Power cut to prevent deadly fires
SONOMA, Calif. — California’s biggest utility cut power to more than a million people Wednesday for what could be days on end in the most sweeping effort in state history to prevent wildfires caused by windblown power lines. The unpopular move sparked a run on supplies at stores and came after two years of catastrophic fires sent Pacific Gas & Electric into bankruptcy and forced it to take more aggressive steps to prevent blazes. The drastic measure caused a wave of impacts, from long lines at supermarkets and hardware stores to backups at traffic lights that had gone dark. Schools and universities canceled classes, offices were closed and many businesses were shuttered. With the sun shining, not a wisp of smoke in the air and only gentle breezes, the historic action was condemned by those inconvenienced. “It’s unreasonable. There’s no wind. It’s nothing. There’s no reason why they should shut the power off,” said Joseph Pokorski, a retiree who had been drinking beers and cocktails by lantern light at the Town Square bar in Sonoma in the early morning. “They’re … closing everything down so they don’t get sued. They don’t trim the trees, so we suffer.”
Woman accuses Lauer of rape
NEW YORK — A woman who worked at NBC News claimed that Matt Lauer raped her at a hotel while on assignment for the Sochi Olympics, an encounter the former “Today” show host claimed was consensual. The claim outlined by Brooke Nevils in Ronan Farrow’s book, “Catch and Kill,” puts a name and details behind the event that led to Lauer’s firing by NBC in 2017. It also provoked the first public response from Lauer, who said in a defiant and graphic letter made public by his lawyer that “my silence was a mistake.” Nevils, who was working for Meredith Vieira in Sochi, met her for drinks one night and Lauer joined them. Nevils said she had six shots of vodka and wound up going to Lauer’s room. She said that Lauer pushed her onto a bed and asked if she liked anal sex. Nevils said she declined several times, but then Lauer “just did it.” She described the encounter as “excruciatingly painful.” “It was nonconsensual in the sense that I was too drunk to consent,” Nevils told Farrow, according to Variety. “It was nonconsensual in that I said, multiple times, that I didn’t want to have anal sex.” In his letter, Lauer admitted to his extramarital affair with Nevils. He said on that night in Sochi that they consensually performed a variety of sexual acts. “She was a fully enthusiastic and willing partner,” he wrote. “At no time did she behave in a way that made it appear she was incapable of consent. She seemed to know exactly what she wanted to do.” Lauer’s defense of his behavior extends beyond his relationship with Nevils. He said he has “never assaulted anyone or forced anyone to have sex. Period.” He also acknowledges other extramarital encounters, and criticized the women involved for having “abandoned shared responsibility” for the affairs to shield themselves from blame behind false allegations.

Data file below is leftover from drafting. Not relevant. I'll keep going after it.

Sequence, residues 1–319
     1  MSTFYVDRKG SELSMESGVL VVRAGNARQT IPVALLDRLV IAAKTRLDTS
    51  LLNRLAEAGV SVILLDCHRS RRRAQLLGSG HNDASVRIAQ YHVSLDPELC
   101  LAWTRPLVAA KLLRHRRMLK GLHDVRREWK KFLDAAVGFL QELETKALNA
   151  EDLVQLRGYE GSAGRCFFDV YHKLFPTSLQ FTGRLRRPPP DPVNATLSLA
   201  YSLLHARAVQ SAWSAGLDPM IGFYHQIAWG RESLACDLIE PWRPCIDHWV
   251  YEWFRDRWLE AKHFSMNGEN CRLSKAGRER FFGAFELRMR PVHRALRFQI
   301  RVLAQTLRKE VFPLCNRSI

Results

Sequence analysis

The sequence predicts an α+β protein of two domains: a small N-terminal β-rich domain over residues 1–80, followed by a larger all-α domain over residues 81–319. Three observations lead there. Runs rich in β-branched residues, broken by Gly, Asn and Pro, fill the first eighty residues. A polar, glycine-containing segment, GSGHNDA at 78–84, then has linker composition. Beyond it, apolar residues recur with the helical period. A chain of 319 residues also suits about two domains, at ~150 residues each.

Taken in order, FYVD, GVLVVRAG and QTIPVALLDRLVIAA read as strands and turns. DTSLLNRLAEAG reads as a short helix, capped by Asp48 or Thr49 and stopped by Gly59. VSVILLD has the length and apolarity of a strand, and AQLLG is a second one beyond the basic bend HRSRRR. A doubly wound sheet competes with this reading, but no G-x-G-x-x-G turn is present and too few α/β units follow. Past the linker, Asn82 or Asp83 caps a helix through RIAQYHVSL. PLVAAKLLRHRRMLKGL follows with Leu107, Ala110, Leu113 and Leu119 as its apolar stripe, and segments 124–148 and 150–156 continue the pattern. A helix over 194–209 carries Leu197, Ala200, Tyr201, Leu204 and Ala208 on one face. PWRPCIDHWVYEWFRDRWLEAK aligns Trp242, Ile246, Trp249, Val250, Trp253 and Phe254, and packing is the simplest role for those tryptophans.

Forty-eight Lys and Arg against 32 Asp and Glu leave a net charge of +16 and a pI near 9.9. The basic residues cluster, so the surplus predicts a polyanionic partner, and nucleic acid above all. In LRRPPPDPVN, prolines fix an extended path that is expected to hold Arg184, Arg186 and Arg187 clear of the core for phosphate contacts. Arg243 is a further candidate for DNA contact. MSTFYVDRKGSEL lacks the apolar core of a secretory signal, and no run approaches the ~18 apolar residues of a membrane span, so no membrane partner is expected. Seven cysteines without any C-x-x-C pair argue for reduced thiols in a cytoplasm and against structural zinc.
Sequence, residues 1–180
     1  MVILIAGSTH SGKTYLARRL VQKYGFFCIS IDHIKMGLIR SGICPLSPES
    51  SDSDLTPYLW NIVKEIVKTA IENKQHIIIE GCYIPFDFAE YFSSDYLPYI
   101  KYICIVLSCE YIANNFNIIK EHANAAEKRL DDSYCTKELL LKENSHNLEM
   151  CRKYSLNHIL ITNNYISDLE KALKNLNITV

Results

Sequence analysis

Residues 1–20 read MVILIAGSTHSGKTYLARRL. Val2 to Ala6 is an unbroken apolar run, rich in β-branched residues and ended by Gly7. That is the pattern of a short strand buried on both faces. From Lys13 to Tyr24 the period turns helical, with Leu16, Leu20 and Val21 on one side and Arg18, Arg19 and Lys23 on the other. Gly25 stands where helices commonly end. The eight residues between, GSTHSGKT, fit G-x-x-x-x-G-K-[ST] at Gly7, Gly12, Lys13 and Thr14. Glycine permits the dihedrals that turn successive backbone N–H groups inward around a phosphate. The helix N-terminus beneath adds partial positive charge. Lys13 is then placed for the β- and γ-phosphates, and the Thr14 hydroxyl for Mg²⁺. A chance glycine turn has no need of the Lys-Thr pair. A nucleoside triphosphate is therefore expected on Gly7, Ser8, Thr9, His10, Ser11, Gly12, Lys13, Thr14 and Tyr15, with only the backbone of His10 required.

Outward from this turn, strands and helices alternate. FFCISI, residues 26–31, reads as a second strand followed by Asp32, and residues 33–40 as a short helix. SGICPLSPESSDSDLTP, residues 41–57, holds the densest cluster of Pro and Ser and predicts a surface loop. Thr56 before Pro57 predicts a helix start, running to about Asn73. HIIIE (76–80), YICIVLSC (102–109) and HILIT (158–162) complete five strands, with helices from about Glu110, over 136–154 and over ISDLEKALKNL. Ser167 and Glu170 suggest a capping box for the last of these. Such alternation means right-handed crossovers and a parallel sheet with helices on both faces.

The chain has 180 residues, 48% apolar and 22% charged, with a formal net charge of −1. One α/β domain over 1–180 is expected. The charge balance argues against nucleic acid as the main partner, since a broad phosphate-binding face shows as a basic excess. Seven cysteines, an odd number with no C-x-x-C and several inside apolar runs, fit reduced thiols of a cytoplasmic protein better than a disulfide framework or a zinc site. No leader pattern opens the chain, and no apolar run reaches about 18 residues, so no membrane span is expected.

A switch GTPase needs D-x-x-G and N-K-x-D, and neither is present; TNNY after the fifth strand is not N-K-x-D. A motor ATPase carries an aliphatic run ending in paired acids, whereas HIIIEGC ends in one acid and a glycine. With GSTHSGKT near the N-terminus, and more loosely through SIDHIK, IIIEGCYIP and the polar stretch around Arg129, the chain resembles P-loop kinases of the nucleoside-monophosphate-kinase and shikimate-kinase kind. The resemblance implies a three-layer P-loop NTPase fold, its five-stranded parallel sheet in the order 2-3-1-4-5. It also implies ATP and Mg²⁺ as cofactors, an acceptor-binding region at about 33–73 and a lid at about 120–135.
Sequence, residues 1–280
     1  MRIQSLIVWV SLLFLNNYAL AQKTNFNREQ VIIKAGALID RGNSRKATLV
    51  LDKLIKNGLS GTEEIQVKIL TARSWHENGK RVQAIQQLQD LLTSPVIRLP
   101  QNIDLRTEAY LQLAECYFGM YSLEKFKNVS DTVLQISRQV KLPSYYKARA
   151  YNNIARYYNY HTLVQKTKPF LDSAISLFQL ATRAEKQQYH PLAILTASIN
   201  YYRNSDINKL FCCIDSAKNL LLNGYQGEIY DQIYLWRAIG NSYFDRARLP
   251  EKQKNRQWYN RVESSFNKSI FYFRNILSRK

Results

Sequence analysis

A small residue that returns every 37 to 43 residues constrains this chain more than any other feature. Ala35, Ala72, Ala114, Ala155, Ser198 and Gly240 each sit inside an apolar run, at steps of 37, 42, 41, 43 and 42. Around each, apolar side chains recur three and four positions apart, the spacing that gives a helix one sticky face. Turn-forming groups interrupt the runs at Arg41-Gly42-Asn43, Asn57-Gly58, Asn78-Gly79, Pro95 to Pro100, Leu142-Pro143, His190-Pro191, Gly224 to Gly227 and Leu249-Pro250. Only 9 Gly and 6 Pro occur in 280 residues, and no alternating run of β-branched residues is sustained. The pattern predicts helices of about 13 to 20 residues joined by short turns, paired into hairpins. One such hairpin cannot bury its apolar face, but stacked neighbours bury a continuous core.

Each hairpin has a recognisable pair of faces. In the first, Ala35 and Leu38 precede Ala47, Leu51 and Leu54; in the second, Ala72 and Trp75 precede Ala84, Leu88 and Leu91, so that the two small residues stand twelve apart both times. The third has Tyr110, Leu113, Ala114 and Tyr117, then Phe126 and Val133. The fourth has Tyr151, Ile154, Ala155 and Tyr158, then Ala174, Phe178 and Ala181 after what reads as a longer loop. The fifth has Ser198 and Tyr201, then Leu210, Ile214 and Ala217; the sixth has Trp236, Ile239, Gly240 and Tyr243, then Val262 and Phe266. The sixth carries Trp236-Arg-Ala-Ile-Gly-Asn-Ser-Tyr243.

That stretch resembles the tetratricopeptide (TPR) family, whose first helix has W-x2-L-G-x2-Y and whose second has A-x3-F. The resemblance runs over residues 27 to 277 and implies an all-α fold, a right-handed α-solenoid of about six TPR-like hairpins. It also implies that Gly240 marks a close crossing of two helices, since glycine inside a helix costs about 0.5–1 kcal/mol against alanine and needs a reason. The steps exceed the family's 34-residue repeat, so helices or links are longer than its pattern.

Southwest grounds 2 planes
DALLAS — Southwest Airlines said Wednesday it grounded two Boeing jets after finding cracks in parts that connect the wings to the planes’ fuselage. The planes were among a group of older jets that had to be inspected within seven days, under an emergency order from the Federal Aviation Administration. Last week, the FAA ordered airlines to inspect Boeing 737s, starting with jets that have made at least 30,000 flights, after cracks were found in planes undergoing work in China. Southwest spokesman Brian Parrish said Wednesday that crews inspected more than 200 planes and found signs of cracking on two, which will remain out of service until repairs are made. The airline reported its findings to Boeing and the FAA, he said. A Boeing spokesman said the manufacturer is working with airlines to develop repair plans and provide parts and technical help. The cracks are in a part called a pickle fork because of prongs that extend under the wings. It had long been assumed that pickle forks would never need replacing. The FAA ordered that about 165 U.S. planes be checked within seven days. A larger group, more than 1,700 planes with at least 22,600 flights, must be checked before they fly another 1,000 times. The planes are a version of the Boeing 737 called the NG or next generation. Boeing is replacing the NG with the 737 Max, but the Max remains grounded worldwide after two crashes killed 346 people. Southwest has more than 700 planes, all Boeing 737s including 34 grounded Max jets.